RETIREMENT: Realities & ReflectionsEditor’s Note: Monthly asked local writer and business consultant Jack Wilson (master of the “how not to retire’ philosophy) to provide a multi-faceted perspective regarding retirement. He interviewed a cross-section of locals who asked him to omit their last names.

Picture this: two men sitting casually in an office. The one behind the desk says to the other, “I had planned to step down to spend more time with my family, but my family talked me out of it.” Sure, it’s a funny line from a classic cartoon in Parade magazine, but there is a ring of familiarity to it. Isn’t “spending more time with the family” often stated as a reason for one’s retirement, a subject many of us think about, whether we’re facing it now or at some point in the future? But is retirement really inevitable? Is it the same for us as it was for our parents and grandparents? If not, how has it changed and how might it have changed our own thinking about these “golden years?”

Getting the most out of your golden years.

Getting the most out of your golden years.So you have successfully navigated through several of  life’s challenges in education, marriage, parenting and your career, and now you have the opportunity to excel in a well-earned, uh, retirement?

That last word seems to mean different things to different people. Perhaps it means leisure, recreation, travel, reading, family visits, etc. Maybe it includes volunteering and humanitarian activities. But if it excludes doing any form of part-time, income-producing work, you should stop reading right here and enjoy yourselves.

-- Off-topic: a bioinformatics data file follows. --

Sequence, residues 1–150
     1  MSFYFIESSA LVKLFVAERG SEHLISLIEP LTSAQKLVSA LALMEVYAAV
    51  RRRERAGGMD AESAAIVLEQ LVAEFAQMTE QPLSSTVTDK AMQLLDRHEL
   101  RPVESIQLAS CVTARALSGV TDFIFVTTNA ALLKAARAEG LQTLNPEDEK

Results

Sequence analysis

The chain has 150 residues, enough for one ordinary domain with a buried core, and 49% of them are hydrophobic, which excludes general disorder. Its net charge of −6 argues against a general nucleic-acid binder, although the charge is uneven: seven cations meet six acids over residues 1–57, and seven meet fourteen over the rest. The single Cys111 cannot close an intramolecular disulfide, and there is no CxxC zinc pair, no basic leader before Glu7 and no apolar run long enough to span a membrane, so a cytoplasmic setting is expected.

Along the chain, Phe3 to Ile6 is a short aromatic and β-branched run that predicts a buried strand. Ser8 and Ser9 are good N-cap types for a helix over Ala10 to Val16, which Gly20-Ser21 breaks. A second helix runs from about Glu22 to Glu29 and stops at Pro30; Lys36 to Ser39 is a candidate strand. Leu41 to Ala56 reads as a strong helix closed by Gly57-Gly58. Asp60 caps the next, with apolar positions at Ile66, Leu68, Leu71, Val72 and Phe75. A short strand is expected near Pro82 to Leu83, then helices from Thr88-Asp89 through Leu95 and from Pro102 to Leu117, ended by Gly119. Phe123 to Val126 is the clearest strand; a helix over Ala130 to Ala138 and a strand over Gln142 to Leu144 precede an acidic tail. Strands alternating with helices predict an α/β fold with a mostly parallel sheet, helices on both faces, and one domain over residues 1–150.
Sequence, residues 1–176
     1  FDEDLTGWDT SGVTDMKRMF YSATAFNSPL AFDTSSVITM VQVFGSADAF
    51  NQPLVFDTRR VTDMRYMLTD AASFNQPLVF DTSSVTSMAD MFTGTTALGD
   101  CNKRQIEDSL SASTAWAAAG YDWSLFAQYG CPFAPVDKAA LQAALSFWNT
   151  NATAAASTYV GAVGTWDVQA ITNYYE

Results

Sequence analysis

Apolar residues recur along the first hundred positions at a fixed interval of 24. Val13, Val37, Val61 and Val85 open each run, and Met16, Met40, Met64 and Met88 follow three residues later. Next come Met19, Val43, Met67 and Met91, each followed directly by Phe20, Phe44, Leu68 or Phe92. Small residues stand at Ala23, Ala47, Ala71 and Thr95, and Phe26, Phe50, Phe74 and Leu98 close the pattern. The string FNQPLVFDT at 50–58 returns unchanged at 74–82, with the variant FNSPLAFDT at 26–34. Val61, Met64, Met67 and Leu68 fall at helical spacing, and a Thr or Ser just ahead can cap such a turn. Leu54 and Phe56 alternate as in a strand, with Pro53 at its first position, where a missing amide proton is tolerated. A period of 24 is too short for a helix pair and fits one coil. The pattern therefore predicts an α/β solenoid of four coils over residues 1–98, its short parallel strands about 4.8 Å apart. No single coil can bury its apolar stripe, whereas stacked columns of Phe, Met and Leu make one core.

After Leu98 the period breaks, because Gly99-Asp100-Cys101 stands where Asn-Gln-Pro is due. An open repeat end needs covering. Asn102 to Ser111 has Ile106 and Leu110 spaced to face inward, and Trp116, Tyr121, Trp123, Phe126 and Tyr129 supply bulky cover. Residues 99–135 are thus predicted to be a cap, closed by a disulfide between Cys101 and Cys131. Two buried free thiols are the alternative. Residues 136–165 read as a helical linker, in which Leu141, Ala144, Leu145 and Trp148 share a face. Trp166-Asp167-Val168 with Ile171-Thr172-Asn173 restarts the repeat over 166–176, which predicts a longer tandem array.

A look at health concerns facing the aging population of Baby Boomers.

Boom or BUST?Approximately 12.5% of the United States’ population is over the age of 65. As America ages, needs for healthcare and medications increase. The number of people who may fall into the role of caregiver increases as well. Whether it is the spouse, an adult child, or a hired helper, the job of caregiver can greatly change the caregivers life. One phenomenon that has increased is the “sandwich generation” - a group of adults who still have young or school-aged children at home but are also caregiver of aging parents.

Sometimes children may have moved far away from their parents, because of job opportunities or desire to live in a certain area. For that reason, it may become necessary to seek help within the parents’ community. However, it will take some time and decision making even when it is not feasible to become the caregiver.